Dog and cat bites make up plenty of pediatric ED visits.  Usually it’s a neighbor’s animal or the family pet at fault.  Occasionally it is a stray.  When a child gets bitten, there are lots of medical problems to address.  The most obvious worry is the wound itself.  Kids explore with their faces and hands and want to touch and look closely at any animal. If they get too close and the animal feels threatened, it protects itself by lashing out with tooth and claw. The resulting face wounds sometimes leave scars that even plastic surgery can’t hide. Then there is the worry about infection.

There are three infections that dogs and cats can transmit.  The biggest worry is rabies. Rabies is a virus that wild animals get by biting each other.  Rabies attacks the brain, makes the animal go mad and bite other animals (and thus pass the virus on), and then the animal dies.  It is very rare for any animal, or human, to survive rabies once the infection takes.  The next concerning infection is Pasteurella, a bacteria for which we give antibiotics.  The only face laceration I remember getting infected was from a dog bite, though the child was on antibiotics.  The third infection is Tetanus.  This is another good reason to be sure your kids are vaccinated because like rabies, tetanus often kills.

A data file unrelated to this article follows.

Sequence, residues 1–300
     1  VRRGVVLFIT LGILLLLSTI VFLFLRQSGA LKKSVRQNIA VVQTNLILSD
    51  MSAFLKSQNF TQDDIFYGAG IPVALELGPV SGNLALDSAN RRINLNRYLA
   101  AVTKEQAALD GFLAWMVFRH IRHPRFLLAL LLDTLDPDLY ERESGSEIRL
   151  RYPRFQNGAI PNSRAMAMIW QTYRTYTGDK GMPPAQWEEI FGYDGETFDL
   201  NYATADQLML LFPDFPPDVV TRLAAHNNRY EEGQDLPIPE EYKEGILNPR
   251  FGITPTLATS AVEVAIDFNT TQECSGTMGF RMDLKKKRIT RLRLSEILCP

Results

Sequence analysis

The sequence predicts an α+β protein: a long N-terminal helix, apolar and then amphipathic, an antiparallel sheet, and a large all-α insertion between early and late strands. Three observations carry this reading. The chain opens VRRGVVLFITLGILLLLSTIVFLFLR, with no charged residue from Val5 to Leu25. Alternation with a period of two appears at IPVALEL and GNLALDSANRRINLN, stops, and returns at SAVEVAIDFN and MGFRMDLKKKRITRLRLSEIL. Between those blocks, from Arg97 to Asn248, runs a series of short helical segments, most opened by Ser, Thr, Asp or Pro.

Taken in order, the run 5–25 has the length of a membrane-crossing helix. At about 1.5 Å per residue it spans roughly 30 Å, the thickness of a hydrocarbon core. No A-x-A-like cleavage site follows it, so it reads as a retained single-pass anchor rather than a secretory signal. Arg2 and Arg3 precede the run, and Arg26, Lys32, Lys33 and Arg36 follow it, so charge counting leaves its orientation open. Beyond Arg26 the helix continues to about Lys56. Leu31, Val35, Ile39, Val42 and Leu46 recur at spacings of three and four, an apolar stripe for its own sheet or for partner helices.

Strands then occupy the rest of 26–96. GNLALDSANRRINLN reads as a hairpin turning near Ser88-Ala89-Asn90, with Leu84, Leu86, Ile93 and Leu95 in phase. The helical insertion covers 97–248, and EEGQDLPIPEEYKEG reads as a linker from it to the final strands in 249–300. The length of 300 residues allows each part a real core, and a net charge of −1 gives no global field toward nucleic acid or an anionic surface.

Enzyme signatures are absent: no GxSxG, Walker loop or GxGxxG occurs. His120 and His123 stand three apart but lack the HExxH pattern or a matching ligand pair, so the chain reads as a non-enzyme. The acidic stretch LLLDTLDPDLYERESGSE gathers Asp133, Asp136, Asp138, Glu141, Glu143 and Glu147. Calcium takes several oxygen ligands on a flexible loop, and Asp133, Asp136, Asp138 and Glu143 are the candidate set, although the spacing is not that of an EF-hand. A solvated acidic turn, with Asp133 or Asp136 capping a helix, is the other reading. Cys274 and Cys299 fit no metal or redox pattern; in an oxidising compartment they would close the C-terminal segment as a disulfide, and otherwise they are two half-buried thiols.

The newspapers recently ran a story from Oregon about a 22 pound cat named Lux who attacked his family.  The seven month old baby pulled Lux’s tail, so Lux swiped the baby in the forehead with his claw.  Then he got so aggressive that he trapped the parents in a bedroom until police arrived.  Even more concerning, the family is keeping the cat, getting it “therapy.”  Now, cats are carnivores, meat-eaters who are hard-wired to hunt, kill, and eat.  Some are nicer and more family friendly than others, but I doubt that any therapy will help Lux and a baby get along.

My point is not to give cats a bad rap as pets, but to illustrate safety issues.  The first thing is to not have a pet with a toddler.  Toddlers are explorers.  When they explore things they touch them, peer at them, and grab and pull on them.  Dogs and cats are often patient with such behavior, but not always. You can’t know when the ancient purpose buried in their DNA (defend, hunt, kill, eat) will come out with such treatment.  Wait until your kids are school age before getting a dog or cat.